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Thursday, 21 November, 2002, 01:16 GMT
Stormont's Groundhog Day
Stormont
Stormont talks have no guarantee of success

For Northern Ireland's new Secretary of State, Paul Murphy, the latest session of inter-party talks at Stormont will feel like a scene from the film Groundhog Day.

The movie revolved around a day which kept repeating itself. Over and over again, the lead character would wake up at 6am only to find that today had become yesterday. It was déja vu gone mad.

When Paul Murphy's alarm goes off at 6am and he makes the short journey to Stormont he'll probably recognise every bump on the road and every hole in the hedge.

And when he sits round the table with representatives of the local political parties, he'll know them all by first name, and will probably know the names of their partners too.

Paul Murphy
Mr Murphy must feel stuck in a rut
What is more, when the party leaders open their mouths, he will be able to predict exactly what they are going to say.

Five years ago, Mr Murphy was Northern Ireland's Political Development Minister and was engaged in a daily round of talks with Sinn Fein, the Ulster Unionist Party and the nationalist SDLP plus a long list of smaller parties.

The negotiations were a marathon, rather than a sprint, but the parties got there in the end. The result was an historic deal, the Good Friday Agreement.

Mr Murphy helped broker the Agreement, now he is back to try to stop it falling apart.

Like most Hollywood films, Groundhog Day has a happy ending, but the latest episode of Stormont talks has no guarantee of success.

The collapse of devolution, following allegations of an IRA spy ring operating at Stormont, has left the peace process in a mess.

One thing is for sure - a single day of talks will not resolve the difficulties.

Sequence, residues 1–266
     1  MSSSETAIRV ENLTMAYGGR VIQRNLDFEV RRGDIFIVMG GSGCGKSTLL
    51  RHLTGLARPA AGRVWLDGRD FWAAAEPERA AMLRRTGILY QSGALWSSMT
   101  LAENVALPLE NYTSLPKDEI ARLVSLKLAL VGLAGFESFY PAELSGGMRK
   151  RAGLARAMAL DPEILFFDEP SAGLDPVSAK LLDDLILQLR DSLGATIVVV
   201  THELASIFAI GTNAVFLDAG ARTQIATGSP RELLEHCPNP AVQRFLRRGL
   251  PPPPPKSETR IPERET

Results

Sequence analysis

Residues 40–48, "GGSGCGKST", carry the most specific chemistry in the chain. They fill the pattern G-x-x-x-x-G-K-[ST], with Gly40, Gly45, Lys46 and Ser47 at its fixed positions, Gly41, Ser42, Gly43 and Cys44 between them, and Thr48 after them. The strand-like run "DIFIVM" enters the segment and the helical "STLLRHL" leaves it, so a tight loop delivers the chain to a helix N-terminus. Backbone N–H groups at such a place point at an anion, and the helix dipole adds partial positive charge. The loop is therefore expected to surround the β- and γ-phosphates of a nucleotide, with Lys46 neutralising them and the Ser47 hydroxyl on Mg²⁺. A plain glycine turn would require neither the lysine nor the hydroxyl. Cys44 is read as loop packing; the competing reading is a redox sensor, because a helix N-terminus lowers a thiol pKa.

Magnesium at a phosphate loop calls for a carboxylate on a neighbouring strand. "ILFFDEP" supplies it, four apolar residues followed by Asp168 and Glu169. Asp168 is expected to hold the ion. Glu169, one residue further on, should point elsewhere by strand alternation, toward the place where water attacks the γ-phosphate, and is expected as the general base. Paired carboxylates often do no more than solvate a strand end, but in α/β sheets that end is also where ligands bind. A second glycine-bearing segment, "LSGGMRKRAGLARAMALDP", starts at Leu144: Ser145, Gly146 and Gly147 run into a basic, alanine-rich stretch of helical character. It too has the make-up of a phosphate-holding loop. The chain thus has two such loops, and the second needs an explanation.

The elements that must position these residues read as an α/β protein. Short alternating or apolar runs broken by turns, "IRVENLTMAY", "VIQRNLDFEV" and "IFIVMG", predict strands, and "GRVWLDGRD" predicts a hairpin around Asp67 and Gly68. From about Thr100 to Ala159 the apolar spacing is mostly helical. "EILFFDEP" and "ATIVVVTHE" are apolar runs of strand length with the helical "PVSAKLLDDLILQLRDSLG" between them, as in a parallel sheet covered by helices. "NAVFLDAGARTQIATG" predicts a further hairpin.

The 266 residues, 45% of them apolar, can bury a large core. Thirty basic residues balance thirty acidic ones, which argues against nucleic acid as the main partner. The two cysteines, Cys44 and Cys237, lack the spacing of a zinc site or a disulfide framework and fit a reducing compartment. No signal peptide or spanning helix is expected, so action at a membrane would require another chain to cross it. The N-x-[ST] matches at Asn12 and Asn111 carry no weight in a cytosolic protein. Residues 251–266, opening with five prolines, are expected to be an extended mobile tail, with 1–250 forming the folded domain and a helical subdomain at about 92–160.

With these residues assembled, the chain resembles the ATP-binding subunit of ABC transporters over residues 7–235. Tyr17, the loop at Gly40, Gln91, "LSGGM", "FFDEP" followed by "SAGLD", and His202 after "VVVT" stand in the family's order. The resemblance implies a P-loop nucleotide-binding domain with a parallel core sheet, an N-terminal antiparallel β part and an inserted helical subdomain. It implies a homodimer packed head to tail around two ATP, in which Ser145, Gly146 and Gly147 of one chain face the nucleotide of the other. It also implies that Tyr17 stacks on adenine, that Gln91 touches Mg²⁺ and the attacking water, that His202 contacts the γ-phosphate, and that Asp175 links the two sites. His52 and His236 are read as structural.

Common ground

What it will do is give the parties an opportunity to let off some political steam. Indeed, inter-party recriminations seem more likely to take place than inter-party negotiations.

But what all the parties round the table have in common is that they all want devolution back.

The question is - how high a price are they willing to pay?

Is the IRA ready to move towards disbandment?

Is the government ready to scale down troop levels and military installations?

Are unionists prepared to trust republicans?

Ulster Unionist leader David Trimble
David Trimble is not in the cast
The answer to those questions should be known by the end of February. That is the target date for a resolution of the current problems.

The real talks are likely to go on behind the scenes rather than at round-table events at Stormont.

Perhaps that is one of the reasons why the Ulster Unionist leader, David Trimble, decided he was too busy to attend, and appointed two party colleagues in his place.

On hearing the news, the British and Irish Governments indicated that they were disappointed but not surprised.

It is not the first time that Mr Trimble has failed to turn up for round-table talks.

Once again, history is repeating itself.

Find out more about the latest moves in the Northern Ireland peace process

Devolution crisis

Analysis

Background

SPECIAL REPORT: IRA

TALKING POINT

AUDIO VIDEO
See also:

19 Nov 02 | N Ireland
15 Oct 02 | N Ireland
15 Oct 02 | N Ireland
21 Nov 02 | N Ireland
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